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Trump to Sever Business Ties, But Conflicts Possible if Kids Run Firm

President-elect floats ban of immigrants, students from Somalia

Trump Tower in Manhattan, the hub of the president-elect’s business. (Michael Lopez via Flickr)
Trump Tower in Manhattan, the hub of the president-elect’s business. (Michael Lopez via Flickr)

Updated 10:16 a.m.

President-elect Donald Trump plans to step away from his business holdings while in office, but conflicts of interests are still possible if his children both run the company and advise him.

Trump’s second Twitter bombshell in as many mornings came after he dropped another post on the social media that offered clues into his plans for immigration policy, a tweet that suggested he would block individuals from Somalia from entering the United States.

“ISIS is taking credit for the terrible stabbing attack at Ohio State University by a Somali refugee who should not have been in our country,” Trump wrote, suggesting his proposed ban of individuals from Muslim countries could be part of any immigration package he sends to Capitol Hill.

It’s not clear whether even members of his own party would support that. The attacker was an OSU student.

It was not immediately clear whether Trump’s announcement of his coming severing ties to the company he built was meant to divert attention from the tweet he fired off exactly 20 minutes earlier. But it certainly garnered the immediate attention of the cable news networks Trump is said to watch religiously.

“I will be holding a major news conference in New York City with my children on December 15 to discuss the fact that I will be leaving my…” Trump tweeted before 7 a.m. For a few minutes, the master of political theater and social media left everyone in suspense.

He picked up the thought in a follow-on tweet: “great business in total in order to fully focus on running the country in order to MAKE AMERICA GREAT AGAIN! While I am not mandated to ….”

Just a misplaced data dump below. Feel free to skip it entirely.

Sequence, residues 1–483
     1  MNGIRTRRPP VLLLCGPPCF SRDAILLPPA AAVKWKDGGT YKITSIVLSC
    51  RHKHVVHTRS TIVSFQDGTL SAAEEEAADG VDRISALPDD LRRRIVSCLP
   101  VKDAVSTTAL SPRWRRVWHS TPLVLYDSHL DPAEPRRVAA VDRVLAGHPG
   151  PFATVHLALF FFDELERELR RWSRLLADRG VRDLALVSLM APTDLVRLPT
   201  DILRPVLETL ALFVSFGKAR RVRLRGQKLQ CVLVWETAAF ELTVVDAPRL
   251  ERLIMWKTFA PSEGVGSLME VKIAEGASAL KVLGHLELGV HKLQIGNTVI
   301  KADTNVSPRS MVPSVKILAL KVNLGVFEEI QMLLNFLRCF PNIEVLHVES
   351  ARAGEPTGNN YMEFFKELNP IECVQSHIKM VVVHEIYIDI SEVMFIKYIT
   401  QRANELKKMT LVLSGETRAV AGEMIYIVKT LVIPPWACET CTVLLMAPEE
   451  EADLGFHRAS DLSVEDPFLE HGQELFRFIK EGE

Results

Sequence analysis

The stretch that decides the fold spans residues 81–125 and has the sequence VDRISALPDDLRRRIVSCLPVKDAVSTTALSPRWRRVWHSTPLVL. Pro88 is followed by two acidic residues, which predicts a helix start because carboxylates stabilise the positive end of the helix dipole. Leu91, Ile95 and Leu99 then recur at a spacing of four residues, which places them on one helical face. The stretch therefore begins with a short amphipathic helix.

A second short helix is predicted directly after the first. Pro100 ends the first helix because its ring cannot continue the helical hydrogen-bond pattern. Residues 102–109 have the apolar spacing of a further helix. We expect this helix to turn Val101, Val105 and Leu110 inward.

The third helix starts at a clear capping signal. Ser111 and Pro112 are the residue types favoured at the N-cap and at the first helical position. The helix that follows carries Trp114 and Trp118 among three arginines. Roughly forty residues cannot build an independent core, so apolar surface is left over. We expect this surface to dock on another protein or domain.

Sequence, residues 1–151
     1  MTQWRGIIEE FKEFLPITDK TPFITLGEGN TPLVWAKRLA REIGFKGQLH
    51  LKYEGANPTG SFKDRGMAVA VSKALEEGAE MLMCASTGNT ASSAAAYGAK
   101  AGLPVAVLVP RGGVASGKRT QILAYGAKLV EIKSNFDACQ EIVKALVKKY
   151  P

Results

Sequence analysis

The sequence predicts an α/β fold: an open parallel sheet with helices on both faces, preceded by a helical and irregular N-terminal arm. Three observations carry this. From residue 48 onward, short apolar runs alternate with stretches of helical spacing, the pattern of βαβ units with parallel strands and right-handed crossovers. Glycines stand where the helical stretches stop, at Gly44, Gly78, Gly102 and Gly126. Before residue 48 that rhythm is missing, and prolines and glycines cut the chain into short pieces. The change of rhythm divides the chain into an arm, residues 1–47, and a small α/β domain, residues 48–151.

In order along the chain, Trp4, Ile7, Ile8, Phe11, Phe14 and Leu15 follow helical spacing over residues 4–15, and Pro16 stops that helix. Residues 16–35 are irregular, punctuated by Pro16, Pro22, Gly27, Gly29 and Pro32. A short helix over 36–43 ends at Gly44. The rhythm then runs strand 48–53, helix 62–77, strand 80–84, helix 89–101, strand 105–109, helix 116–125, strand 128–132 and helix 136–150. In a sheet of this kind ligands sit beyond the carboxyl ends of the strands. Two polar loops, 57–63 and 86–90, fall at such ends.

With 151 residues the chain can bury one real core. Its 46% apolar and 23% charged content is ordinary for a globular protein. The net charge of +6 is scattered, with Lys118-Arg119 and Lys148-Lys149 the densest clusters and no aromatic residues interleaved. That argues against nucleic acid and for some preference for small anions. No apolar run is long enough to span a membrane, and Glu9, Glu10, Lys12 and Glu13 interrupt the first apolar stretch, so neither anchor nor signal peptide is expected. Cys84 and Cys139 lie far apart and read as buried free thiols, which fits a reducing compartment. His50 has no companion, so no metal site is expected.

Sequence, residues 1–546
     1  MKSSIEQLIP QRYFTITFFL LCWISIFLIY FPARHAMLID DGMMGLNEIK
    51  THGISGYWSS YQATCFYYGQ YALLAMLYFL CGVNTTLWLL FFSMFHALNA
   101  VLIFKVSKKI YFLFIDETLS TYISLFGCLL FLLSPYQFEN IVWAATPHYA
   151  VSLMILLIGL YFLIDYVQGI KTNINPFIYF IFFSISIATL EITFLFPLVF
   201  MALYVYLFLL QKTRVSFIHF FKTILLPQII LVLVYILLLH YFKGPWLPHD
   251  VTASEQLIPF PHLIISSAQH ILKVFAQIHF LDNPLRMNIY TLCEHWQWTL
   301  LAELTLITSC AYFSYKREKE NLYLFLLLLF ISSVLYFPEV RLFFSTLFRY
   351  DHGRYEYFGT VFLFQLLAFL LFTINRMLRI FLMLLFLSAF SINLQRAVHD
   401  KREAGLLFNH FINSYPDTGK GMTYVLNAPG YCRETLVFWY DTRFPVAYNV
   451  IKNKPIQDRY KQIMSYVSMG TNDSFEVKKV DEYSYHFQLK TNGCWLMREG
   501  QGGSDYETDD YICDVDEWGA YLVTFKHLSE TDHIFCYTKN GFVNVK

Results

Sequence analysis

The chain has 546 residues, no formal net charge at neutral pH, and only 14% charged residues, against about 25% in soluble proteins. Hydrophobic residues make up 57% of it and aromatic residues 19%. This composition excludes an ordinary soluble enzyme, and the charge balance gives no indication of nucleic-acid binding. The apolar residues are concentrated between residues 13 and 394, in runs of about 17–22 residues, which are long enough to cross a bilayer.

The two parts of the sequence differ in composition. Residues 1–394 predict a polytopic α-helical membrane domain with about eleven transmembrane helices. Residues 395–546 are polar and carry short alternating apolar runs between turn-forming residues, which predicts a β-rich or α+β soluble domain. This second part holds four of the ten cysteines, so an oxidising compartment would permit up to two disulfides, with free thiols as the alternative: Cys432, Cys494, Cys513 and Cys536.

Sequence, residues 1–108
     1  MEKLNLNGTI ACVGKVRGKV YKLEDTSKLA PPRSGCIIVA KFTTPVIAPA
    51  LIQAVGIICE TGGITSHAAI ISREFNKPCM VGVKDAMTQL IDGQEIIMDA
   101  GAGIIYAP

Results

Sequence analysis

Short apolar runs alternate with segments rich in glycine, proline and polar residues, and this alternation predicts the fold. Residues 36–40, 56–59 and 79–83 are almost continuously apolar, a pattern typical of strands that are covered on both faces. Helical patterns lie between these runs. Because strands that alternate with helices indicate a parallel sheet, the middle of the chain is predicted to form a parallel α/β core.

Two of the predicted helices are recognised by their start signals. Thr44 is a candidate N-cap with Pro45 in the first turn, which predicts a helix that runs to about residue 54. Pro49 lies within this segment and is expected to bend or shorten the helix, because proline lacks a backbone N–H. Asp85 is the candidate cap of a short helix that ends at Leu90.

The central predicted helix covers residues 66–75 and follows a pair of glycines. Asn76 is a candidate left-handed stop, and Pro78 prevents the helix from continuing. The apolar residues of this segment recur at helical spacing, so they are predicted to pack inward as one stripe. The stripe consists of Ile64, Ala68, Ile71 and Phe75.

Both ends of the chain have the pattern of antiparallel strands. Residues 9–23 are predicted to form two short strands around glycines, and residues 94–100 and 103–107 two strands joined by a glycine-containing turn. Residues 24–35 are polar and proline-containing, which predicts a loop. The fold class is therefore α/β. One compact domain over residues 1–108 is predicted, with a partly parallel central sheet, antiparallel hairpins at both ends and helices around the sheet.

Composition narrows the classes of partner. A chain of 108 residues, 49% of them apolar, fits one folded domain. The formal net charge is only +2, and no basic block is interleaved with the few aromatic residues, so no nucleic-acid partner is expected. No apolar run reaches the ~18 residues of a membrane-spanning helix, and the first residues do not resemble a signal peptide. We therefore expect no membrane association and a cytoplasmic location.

The incoming president wasn’t finished, touting his decision in a third post as an ethical one while also failing to explain who would head his business: “do this under the law, I feel it is visually important, as President, to in no way have a conflict of interest with my various businesses..”

The president-elect used a fourth post to declare that “legal documents are being crafted which take me completely out of business operations. The Presidency is a far more important task!”

But should he leave the company in the control of his children, who are part of his transition team and could continue to advise him in the White House, conflicts still could arise.

“While it is obviously important that Trump have no dealing with the day to day operations of his empire while President, he must also take the additional step of removing himself from ownership of the businesses via a blind trust or divestment,” said Lisa Gilbert of watchdog group Public Citizen. “Only then can he truly avoid conflicts of interest.”

Before Wednesday morning, Trump and his top aides had publicly said he might not need to untangle himself from his companies because laws in that realm do not apply to the presidency.

But like his stances toward torture and the Obama administration health law, the incoming president reversed himself in a stunning and abrupt about-face. The change likely will be applauded by ethics experts and Democrats.

“This is a concern for all members of Congress, and they should put it at the top of the Republican agenda, to make sure President Trump, when he takes office, is conflict free and … does not subject him to the threat of scandal and the possibility of impeachment,” said Richard Painter, who served as an associate counsel to President George W. Bush. “There are just so many problems here.”

Though experts such as Painter, now a professor at the University of Minnesota Law School, agree that presidents are not subject to all the conflict of interest rules that govern their employees, they say presidents are not above bribery laws and the Emoluments Clause of the Constitution.

The clause forbids officeholders, including presidents, from receiving any “present, emolument, office or title, of any kind whatever” from foreign governments. An emolument is generally defined as compensation for services, and the clause aims to stop undue influence and corruption of officials by foreign governments.

“There are a variety of conflict of interest laws that do apply and a few that don’t,” said Norm Eisen, a former special counsel to President Barack Obama for ethics and government reform.

The president cannot, for example, make money from a foreign government or a bank controlled by a foreign government, Painter said.

Kate Ackley contributed to this report.

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